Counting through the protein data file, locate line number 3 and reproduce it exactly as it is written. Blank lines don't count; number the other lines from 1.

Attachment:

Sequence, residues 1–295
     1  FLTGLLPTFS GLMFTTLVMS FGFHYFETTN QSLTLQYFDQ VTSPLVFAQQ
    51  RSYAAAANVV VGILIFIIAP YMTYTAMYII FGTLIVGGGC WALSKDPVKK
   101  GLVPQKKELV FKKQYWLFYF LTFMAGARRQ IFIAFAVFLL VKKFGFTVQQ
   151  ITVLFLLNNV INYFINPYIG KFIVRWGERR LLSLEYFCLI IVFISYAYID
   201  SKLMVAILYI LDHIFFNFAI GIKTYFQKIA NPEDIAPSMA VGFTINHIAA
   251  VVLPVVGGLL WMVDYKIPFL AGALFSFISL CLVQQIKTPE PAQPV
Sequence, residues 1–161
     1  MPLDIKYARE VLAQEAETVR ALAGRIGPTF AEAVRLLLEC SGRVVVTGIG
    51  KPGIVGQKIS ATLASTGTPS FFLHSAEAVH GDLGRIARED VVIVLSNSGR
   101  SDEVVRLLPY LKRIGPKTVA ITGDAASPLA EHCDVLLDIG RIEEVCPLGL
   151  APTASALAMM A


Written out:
    51  RSYAAAANVV VGILIFIIAP YMTYTAMYII FGTLIVGGGC WALSKDPVKK